Our Favorite From Panda Express Isn’t Here. Here’s Why
I have the fondest memories of Panda Express. It was introduced to me by an aunt on my first visit to America when I was a clueless pre-teen. After eating so many burgers, fries, pepperoni pizza slices, and tacos, here was an Asian restaurant that offered rice. It was a taste of home. It also helped that it had an amusing logo. And I adored the concept of being able to choose viands and sides; it was my Disneyland. It was turo-turo, just like how it was at home, but in America!
I loved its Chow Mein; this is not like pancit Canton! Kung Pao, Broccoli Beef, Eggplant Tofu. Check, check, check! Then there was the Orange Chicken, a work of wonder, and so I thought. It tickled the taste buds of my young self then. I couldn’t get enough of it. That chicken, coated in a crispy, golden batter, then doused in a sticky, sweetish sauce, easily became a favorite. I hankered for it every single day. I wanted to bring it home.
It took me about a decade before having it again. In the years between, I daydreamed about it and scavenged for a recipe that claimed to be a legitimate hack. Nothing really came close to the flavors that lingered in my soul. Some were too crunchy, others too sweet, a few without that orange hit. Then came the bottled sauce. Alleluia, I thought. I received my first bottle, all wrapped and secured inside a Christmas balikbayan box, sent by the same aunt that introduced Panda Express to me. What a smart move! Then the bottles appeared here in the Philippines. Imagine how happy I was when I saw crates stacked high of this orange sauce, priced in pesos.
I cooked a batch, coated it in the sauce. It wasn’t the same. How come it didn’t taste like when I first had the dish? It didn’t give me the same satisfaction. Nope. But then I thought it might have been the bottling process. You can’t match something freshly cooked with that. I let it go.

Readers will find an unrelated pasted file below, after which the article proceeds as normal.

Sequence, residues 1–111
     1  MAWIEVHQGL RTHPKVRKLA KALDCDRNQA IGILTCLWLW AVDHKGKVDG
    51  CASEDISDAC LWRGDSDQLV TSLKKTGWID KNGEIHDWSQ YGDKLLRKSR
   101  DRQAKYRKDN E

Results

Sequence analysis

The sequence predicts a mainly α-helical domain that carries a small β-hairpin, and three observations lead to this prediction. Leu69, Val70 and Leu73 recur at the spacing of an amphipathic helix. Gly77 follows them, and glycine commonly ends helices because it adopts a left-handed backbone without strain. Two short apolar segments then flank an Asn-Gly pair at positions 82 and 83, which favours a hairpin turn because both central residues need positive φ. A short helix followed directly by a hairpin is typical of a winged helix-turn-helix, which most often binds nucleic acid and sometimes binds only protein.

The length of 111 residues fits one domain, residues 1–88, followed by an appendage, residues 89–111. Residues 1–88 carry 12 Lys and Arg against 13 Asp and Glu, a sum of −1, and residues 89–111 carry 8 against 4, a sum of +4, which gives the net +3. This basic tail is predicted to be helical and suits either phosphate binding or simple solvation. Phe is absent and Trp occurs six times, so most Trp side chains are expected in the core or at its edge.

Some years passed and then early this 2019, I got the chance to fly back to America. There were two restaurants on top of my must-eat list: In-N-Out and Panda Express. Upon arrival, I had my fix of a burger, fries, and shake. I looked out the window and saw the familiar red logo. Panda Express was right across the street! I could just walk out and go there already. I stormed out only to find myself locked out of that Panda Express branch. It was already closing time.
It took me more than a week before I had the chance to finally eat at Panda Express. I ordered a plate with Orange Chicken, Honey Walnut Shrimp, Chow Mein, and Fried Rice. I took it home and had it with a can of chilled Lime LaCroix. I took out my chopsticks, reminisced, and dug in. First, the Orange Chicken. Wait. That’s the Orange Chicken? What happened? This is it? Sure, my taste might have developed with age, but I don’t remember it being this sad. It was all breading, and it wasn’t even crunchy. My teeth hurt after a couple of bites. And that sauce. Where is the orange? Where is the joy?
So I pushed all that chicken aside and went for the shrimp. Oh, hell, yes! That was joy. That was happiness. That was an edible rainbow now in my stomach. More, yes, more, please, more. I ended up polishing off that section of the plate. The shrimp was succulent and its breading perfectly light. The sauce had nice, deep tones of honey; not overly sweet actually. The walnuts gave it a nice crunch. I love a dish with a balance of flavors and textures. This was it. I found a new Panda Express favorite. Everything was back in order.
Soon after arriving back in the Philippines, news came out that Panda Express was opening in my city. Yes! More Honey Walnut Shrimp for me! I didn’t even bother trying to replicate the dish at home. It was already coming to me. I could have those plump shrimp again in a few months.
Hello, December, and Panda Express is now open in Manila. But what is this? Where is my favorite? How can the Manila menu not include my favorite Honey Walnut Shrimp? Where is the joy? Where is the rainbow?
I can’t believe they’re not giving us the full experience. Sure, there’s Orange Chicken, Asian Grilled Chicken, and Broccoli Beef; 11 entree choices are there. But no Honey Walnut Shrimp! They’re offering Savory Shrimp, a close cousin of my favorite but tossed with green onions and red bell peppers in a savory sauce. No, no. It’s not the same!
But looking at the local menu here, it might be justifiable. Meals are priced lower than their American counterparts, and that’s a great thing for the local market. I get it. Ingredients for my favorite entree aren’t exactly affordable. Shrimp? Honey? Walnut? Way up there on the scale. Even alternatives to them are as expensive. And I’m betting the good folks behind the local franchise wouldn’t want to diminish the quality of this uber amazing dish.
So here I am hoping that one day I’d be able to eat my Honey Walnut Shrimp again, without having to fly to America. I have a feeling it will come. Filipinos deserve it. They can’t settle for just the Orange Chicken. Don’t!
Right now, I will wait and wait some more.